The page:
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The Rise of Corporate Religious Liberty$
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Micah Schwartzman, Chad Flanders, and Zoë Robinson

Print publication date: 2016

Print ISBN-13: 9780190262525

Published to Oxford Scholarship Online: January 2016

DOI: 10.1093/acprof:oso/9780190262525.001.0001

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The Jurisdictional Conception of Church Autonomy

The Jurisdictional Conception of Church Autonomy

Chapter:
(p.19) 2 The Jurisdictional Conception of Church Autonomy
Source:
The Rise of Corporate Religious Liberty
Author(s):

Steven D. Smith

Publisher:
Oxford University Press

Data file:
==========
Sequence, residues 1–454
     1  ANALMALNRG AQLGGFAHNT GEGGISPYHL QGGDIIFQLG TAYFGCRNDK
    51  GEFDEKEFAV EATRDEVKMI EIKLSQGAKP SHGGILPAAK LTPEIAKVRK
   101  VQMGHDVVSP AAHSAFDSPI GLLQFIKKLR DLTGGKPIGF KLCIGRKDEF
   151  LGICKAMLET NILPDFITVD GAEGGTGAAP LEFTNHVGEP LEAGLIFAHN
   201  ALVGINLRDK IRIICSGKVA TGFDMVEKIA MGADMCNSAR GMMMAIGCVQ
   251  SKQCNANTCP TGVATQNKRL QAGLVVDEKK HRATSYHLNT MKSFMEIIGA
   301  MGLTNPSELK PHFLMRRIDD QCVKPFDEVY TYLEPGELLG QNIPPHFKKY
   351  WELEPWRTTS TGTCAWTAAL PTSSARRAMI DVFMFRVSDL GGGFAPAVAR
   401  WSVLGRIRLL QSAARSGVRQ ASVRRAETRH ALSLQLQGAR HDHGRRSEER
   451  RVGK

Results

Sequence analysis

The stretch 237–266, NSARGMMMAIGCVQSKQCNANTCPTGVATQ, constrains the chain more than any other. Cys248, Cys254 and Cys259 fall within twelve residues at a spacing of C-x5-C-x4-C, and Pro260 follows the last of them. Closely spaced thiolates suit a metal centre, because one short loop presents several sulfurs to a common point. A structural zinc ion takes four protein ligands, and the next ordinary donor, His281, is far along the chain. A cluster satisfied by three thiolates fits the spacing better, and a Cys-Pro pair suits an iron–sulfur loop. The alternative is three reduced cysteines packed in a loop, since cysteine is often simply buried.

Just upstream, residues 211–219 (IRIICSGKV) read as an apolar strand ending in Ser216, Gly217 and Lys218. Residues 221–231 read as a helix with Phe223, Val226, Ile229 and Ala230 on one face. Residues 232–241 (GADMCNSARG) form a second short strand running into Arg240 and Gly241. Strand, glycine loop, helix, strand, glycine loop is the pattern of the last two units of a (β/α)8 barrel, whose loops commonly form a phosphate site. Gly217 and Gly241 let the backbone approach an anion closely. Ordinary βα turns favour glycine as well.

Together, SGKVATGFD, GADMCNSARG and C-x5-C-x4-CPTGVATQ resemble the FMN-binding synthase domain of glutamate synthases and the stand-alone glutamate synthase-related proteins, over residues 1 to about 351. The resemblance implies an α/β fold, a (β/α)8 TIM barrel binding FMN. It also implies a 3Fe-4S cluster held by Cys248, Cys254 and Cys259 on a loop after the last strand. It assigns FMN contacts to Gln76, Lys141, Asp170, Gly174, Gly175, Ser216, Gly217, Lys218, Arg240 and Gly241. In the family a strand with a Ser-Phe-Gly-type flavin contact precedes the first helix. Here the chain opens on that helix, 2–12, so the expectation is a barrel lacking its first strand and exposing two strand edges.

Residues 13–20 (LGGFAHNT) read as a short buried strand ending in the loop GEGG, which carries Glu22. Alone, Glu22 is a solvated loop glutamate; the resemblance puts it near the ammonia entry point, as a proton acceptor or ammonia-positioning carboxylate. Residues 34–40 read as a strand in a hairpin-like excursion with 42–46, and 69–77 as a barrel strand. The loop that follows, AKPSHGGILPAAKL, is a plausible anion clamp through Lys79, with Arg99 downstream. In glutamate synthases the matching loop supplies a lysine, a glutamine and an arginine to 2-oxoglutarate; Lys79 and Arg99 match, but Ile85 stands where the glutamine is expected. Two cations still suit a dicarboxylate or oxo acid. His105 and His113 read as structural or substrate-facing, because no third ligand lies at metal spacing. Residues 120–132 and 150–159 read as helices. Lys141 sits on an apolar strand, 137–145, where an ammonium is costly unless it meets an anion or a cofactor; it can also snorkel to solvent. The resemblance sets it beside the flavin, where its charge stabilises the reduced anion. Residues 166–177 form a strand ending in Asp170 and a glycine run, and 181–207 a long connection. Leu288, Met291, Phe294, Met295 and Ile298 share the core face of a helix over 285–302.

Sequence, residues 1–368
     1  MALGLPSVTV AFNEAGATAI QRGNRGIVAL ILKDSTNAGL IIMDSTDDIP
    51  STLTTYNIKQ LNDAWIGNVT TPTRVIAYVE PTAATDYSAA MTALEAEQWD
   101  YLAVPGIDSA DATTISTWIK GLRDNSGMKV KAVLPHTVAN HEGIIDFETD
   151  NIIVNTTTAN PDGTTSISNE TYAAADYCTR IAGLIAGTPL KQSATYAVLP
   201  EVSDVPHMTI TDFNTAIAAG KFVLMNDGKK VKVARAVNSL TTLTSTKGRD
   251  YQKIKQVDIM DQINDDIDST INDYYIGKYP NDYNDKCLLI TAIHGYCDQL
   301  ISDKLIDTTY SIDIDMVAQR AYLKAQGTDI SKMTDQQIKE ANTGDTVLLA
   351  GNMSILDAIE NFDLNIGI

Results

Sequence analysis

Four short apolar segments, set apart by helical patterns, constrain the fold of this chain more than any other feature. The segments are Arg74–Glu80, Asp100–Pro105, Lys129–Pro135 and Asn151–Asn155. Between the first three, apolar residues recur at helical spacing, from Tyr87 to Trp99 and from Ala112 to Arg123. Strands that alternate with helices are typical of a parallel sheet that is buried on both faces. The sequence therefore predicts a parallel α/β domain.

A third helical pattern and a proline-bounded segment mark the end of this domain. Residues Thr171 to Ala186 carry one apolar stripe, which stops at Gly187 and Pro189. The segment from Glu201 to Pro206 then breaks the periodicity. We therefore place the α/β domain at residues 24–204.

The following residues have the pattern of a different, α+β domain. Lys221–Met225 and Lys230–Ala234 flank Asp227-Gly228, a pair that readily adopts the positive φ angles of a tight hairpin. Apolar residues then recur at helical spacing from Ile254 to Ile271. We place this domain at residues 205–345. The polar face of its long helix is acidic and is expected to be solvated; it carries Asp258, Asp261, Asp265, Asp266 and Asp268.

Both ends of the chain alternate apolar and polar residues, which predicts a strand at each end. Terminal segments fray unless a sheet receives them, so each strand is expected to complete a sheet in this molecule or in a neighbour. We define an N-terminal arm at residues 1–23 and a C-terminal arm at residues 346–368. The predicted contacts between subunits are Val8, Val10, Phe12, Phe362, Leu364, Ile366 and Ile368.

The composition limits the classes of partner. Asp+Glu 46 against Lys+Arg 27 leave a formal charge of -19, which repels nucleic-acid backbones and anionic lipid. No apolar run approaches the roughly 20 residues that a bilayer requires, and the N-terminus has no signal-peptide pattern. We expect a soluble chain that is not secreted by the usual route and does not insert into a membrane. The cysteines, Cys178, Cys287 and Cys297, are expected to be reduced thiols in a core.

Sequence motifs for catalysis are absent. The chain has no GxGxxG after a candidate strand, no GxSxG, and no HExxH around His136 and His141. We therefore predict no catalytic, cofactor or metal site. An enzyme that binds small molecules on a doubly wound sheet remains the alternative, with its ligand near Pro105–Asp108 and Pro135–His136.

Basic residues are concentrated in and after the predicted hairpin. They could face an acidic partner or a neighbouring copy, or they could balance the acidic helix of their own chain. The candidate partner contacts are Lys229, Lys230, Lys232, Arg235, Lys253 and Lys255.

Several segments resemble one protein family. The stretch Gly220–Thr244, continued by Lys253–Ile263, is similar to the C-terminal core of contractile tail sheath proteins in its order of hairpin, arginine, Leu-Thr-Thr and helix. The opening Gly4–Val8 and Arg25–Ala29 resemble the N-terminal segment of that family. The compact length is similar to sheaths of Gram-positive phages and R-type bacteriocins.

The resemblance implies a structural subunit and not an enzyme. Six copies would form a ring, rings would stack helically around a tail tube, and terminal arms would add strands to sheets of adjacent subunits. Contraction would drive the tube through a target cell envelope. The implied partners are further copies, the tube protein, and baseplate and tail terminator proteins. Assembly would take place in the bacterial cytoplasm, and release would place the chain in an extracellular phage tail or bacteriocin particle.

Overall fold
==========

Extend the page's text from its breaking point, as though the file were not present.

DOI:10.1093/acprof:oso/9780190262525.003.0003

This chapter defends a jurisdictional conception of institutional religious autonomy against familiar and frequent criticisms. Drawing on analogies to national and judicial jurisdictional thinking, Part 1 of the chapter seeks to clarify what it means to hold that religious institutions enjoy a “jurisdictional” form of autonomy. Part 2 addresses several familiar objections to the jurisdictional conceptions, including the objection that jurisdictional autonomy violates the logic of sovereignty and also the contention that jurisdictional autonomy is a medieval notion that is irrecoverable in modern law. Part 3 discusses a contractual justification for the jurisdictional conception.

Keywords:   church autonomy, jurisdiction, sovereignty, freedom of the church, religious institutions

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